The Economics of Consumption

By Charles S. Wyand | Go to book overview

CHAPTER 13
GOVERNMENT AGENCIES AFFECTING CHOICE

In his inspection of human society, the sociologist has discovered that men embrace two distinct and frequently antithetical points of view. There are first of all the humanitarian mores, or the ideals and attitudes to which we conventionally pay lip service. Such mores are the precepts which characterize our formal utterances on social life and its relationships. In frequent and sharp contrast are the so-called practical mores or the attitudes and values which actually motivate social interaction. Thus, we are in complete accord in asserting that "no one shall starve," but we fight bitterly against a tax assessment to feed the starving. We espouse the doctrine of fair play and excuse our everyday commercial practices with the expression, "business is business." We are loud in our defense of free speech and yet seek the deportation of the Union Square orators. All men and their institutions function on the basis of this ethical dualism. Indeed so commonplace is the phenomenon that one is rarely surprised at the widest variations between precept and example. With human complacency we embrace both positions and either condone or are completely unaware of the resulting anomaly. It is conceivable that social life would be otherwise impossible. Since the state and its government are man-made institutions, it might be well to preface our discussion of the government's actual service to the consumer with a brief summary of the policy which theoretically dominates its activity and gives meaning to its function.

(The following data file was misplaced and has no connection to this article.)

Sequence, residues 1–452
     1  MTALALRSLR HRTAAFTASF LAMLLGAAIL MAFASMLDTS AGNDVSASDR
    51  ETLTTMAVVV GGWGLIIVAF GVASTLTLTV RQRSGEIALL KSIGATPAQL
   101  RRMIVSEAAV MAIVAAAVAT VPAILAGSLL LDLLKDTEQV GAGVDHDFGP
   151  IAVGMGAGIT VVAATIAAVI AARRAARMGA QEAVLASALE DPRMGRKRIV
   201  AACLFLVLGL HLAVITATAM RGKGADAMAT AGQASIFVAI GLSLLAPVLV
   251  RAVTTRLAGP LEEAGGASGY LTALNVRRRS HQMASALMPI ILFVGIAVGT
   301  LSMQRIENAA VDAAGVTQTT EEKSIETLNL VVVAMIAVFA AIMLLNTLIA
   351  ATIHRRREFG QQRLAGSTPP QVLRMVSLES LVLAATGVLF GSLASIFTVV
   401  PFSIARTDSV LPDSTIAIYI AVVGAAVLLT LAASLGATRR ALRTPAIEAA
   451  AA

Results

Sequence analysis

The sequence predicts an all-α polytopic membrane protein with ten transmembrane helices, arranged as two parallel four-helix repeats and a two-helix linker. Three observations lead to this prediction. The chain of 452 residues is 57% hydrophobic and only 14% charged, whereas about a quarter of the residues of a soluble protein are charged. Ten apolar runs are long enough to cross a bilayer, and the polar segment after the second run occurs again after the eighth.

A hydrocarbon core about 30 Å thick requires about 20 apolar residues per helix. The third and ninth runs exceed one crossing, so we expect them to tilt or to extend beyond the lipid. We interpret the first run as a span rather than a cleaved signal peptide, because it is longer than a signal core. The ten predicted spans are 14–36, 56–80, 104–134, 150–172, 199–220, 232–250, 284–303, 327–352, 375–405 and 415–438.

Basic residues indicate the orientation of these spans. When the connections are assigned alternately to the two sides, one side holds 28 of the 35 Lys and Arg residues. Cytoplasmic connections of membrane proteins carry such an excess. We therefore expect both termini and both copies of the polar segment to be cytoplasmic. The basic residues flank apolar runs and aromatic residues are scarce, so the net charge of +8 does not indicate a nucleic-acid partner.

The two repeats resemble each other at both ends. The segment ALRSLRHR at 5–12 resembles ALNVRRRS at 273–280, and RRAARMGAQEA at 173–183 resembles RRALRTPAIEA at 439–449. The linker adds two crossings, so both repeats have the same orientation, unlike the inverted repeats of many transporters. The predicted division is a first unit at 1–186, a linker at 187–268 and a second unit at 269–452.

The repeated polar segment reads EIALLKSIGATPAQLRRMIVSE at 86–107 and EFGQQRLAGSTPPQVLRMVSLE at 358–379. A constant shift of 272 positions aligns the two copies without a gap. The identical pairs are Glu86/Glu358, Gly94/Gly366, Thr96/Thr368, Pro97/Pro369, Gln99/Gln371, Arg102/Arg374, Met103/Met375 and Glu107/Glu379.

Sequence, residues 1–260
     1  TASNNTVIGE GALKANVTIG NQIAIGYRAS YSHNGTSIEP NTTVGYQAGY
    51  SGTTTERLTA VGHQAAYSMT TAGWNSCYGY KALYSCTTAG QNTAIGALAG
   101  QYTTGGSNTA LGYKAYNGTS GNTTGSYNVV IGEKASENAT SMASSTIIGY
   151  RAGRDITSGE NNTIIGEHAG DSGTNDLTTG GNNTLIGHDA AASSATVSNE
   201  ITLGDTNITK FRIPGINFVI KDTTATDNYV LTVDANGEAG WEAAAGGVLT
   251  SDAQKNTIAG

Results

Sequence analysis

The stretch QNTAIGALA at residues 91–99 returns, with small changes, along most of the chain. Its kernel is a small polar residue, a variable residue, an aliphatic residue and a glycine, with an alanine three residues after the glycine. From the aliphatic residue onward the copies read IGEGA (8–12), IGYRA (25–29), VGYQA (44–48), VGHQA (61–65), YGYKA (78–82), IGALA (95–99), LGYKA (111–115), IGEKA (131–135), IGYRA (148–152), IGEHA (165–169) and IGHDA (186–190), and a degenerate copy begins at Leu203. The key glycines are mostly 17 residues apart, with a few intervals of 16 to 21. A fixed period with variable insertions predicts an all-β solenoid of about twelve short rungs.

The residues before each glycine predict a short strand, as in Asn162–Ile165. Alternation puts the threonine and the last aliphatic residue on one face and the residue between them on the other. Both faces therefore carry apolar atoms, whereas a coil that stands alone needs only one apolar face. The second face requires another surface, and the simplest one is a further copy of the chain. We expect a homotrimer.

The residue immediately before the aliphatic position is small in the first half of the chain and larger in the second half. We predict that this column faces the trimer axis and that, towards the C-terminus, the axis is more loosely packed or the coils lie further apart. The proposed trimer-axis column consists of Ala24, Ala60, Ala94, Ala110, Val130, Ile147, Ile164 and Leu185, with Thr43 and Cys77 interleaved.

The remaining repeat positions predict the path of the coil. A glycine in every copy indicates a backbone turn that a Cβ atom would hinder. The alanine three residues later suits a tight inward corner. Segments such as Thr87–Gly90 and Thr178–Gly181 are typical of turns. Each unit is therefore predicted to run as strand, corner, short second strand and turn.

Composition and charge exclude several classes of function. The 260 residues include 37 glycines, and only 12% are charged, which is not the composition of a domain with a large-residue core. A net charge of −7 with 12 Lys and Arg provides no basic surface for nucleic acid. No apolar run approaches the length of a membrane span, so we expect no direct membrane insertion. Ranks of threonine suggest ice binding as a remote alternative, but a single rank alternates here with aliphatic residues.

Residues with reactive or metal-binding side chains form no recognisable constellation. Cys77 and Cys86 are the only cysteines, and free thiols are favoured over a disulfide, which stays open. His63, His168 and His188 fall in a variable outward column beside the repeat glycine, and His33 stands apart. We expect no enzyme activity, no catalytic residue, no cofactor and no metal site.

If the avowed economic basis of life in the United States is individualism, its ostensible political foundation is democracy. The greatest good of the greatest number is our announced goal; private enterprise and majority rule the respective economic and political means of reaching that goal. The primary function of government is, therefore, to serve the interests and foster the welfare of the major portion of the body politic. The dominance of minority interests is assumed to be antithetical to the public welfare since rule of, by, and for the people is the avowed keystone of American democracy. This being the case, the student might

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